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Bigg City Port; A Tugs Fansite

The Tugs Story

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This is my interpretation of the history of Tugs based on conversations with various members of the production team and various research I and others have undertaken. The actual events may have been somewhat different to how they have been reported in this essay.

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When Tugs came out it was an extremely popular series it had an appeal to both children and adults which is extremely rare for any children's series even to this day. When talking to people at various events it has become clear to me that there were two groups of people who grew up with Tugs. Those who remember and loved what was a unique production and those who have either forgotten it or didn't get chance to know of it because of its short run. So why did such a beautiful series that so many people hold such fond memories of get forgotten? Some say it was cursed with bad luck, others say that it was just a rip off so it got what it deserved. From what I've seen there was an element of bad luck but it seems that there were some fundamental business decisions that went wrong along the way too.

To explain where the idea of Tugs came from and indeed where it went wrong the clock needs to be turned back to 1983/84 when Thomas the Tank Engine and Friends in production. David Mitton of Clearwater Features owned a 50% stake of the rights to the television in partnership with Britt Allcroft for the series carrying the name of the cheeky fussy little tank engine. For Mitton times had become tough for one reason or another and he was struggling at the time and thought that Thomas & Friends was going to fail. Convinced that the series was going to be a huge success Britt Allcroft re-mortgaged her house several times over (this was the 1980s, well before the banking system was changed forever in the late 2000s) and bought the remaining 50% of the rights from Mitton giving her full control over the politics behind the series and more importantly any revenue generated by it. Mitton's financial problems seemed to have been solved and everything carried on. However Mitton and Clearwater Features were mere contractors from this point onwards, making the episodes on behalf of Britt Allcroft.

In late 1984 Thomas the Tank Engine and Friends was first broadcast to the world and it was an instant success. This is when Mitton and Robert D. Cardona (Cardona being the other half of Clearwater Features) decided that they wanted to create their own characters with their own stories. After all you don't make money in this world through working for someone else, the best way to make money is by working for yourself. They knew that they wanted to make a series based on transport that was bigger, better and more advanced than Thomas the Tank Engine, but what? Being based at Shepperton Studios they were surrounded by inspirational material, Heathrow Airport, one of the world's busiest airports and Queen Mary Reservoir, home to the UK's Premier inland Sailing Club and the other transport connections of the M25 and M4 right on their doorstep. Series 2 of Thomas the Tank Engine went into production during 1986 and it was at some point during that year that the idea of Tugs was born. It has been said that the idea came to either Cardona or Mitton while they were sitting on a veranda in the USA while watching the boats sailing by.

During 1986 the Tugs company was setup as part of Clearwater Features with TVS Television providing them with that all important commission. A creative team of writers and model makers were taken on to design a whole new world and the characters to inhabit it. As we already know they chose the 1920s and the completely fictional location of Bigg City Port, thus giving them freedom to use any design of boat they pleased from the era to give the series a truly international feel. The stories were based on the real life events of Crowley Maritime, an American tug fleet operating mainly from San Francisco at the time, now doing the majority of the work on the Western Coast of the USA. Instead of having the tedious rivalry between Steam and Diesel which was present in Thomas the Tank Engine, they instead decided to go with the more realistic rivalry between two opposing fleets and created the Z-Stacks. The Z-Stacks or Zeros were given a more gangsta style look because they were based on a fleet based in New York at the time, Moran Towage. In some episodes of the series they could be seen as baddies, however anti-hero is a more appropriate title for them in my opinion.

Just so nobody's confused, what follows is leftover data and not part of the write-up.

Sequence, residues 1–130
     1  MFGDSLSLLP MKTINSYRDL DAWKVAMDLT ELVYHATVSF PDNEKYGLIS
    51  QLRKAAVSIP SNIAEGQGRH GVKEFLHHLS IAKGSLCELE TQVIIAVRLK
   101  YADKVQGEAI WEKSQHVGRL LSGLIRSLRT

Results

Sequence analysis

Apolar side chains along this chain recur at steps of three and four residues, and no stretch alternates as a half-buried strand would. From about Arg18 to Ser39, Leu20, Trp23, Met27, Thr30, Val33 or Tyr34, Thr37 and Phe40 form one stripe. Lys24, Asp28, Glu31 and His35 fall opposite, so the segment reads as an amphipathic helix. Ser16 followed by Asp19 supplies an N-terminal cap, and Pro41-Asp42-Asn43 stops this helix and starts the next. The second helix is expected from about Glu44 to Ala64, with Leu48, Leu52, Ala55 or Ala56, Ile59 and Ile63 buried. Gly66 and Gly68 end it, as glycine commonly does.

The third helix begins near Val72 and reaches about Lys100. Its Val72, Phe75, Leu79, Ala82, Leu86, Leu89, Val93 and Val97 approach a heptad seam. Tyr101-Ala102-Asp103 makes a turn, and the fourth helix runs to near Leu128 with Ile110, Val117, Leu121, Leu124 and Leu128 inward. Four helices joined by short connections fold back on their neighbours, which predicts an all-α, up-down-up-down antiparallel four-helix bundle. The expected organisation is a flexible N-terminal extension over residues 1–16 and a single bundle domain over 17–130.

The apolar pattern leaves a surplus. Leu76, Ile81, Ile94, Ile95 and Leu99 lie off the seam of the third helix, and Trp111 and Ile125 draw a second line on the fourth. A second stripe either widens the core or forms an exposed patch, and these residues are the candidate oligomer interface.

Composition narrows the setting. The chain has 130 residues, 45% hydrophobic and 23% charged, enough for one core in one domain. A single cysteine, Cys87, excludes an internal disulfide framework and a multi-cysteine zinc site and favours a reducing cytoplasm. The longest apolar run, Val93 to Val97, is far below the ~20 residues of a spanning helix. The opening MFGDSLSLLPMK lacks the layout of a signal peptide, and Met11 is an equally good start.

During the course of pre production the design of the Star Tugs evolved as shown by the original artwork logo featured on much of the merchandise. It turns out that during production the Star Fleet were originally designed to have a timber clad livery to give them a more rustic and detailed look. This has been seen in a photo that has surfaced on the internet of Ten Cents during production before he was rebuilt with the more familiar Star Tugs yellow livery. This is possibly one of the aspects that pushed up the budget of Tugs. It was commonly said that parts of Clearwater Features had a bad habit of overspending, so maybe outlets like this is where it started to go wrong.

Production was said to have lasted a total of 12 months, in that time 13 episodes lasting 30 minutes were shot. Unlike Thomas the Tank Engine, each character had their own voice, in the British version of the series each character had their own regional accent too. Something which gave the characters an extra layer of distinctiveness which has rarely if ever been seen in other television productions to this day. It was during this time that things started to unravel for Clearwater Features and Tugs. Mitton short on money once again needed a quick injection of money and sold his share of the Tugs rights to Castle Communications for an early video release of 4 of the Tugs episodes. These episodes were released on two different VHS videos as two episodes both 20 minutes in length, giving the cassette's a total running time of 40 minutes. Twelve months later in 1989 Tugs was eventually broadcast on the Children's ITV slot on the ITV Network in the UK, this time in a 15 minute format with a new look theme sequence including a CGI graphic. It would seem that the initial release of the Tugs episodes deflated the value of the series meaning that the television channels weren't willing to pay a much for the series as Clearwater Features had originally hoped. The remaining episodes were released on VHS by Castle Communications under the name "Castle Vision." As part of the marketing of the episodes the strapline "From the producers of THOMAS THE TANK ENGINE AND FRIENDS" was used at the top of the front covers. In hindsight this seems to have fuelled people's perceptions that Tugs was just a cheap rip off of Thomas the Tank Engine. From what I can gather the series was only run once in the UK, when my Mother recorded many of the episodes for me to watch to give her a break from the Thomas the Tank Engine theme repeating itself several times throughout the day. This meant that the merchandise got little publicity resulting Tugs making a huge loss which crippled Clearwater Entertainment. Mitton and Cardona parted company after production came to a halt with Cardona returning to Canada where he began work with Cochran Entertainment on the production of Theodore Tugboat amongst other projects. Mitton returned to work on Thomas the Tank Engine, this time as an employee of Britt Allcroft, not as a contractor, where he remained until Series 7 in late 2003.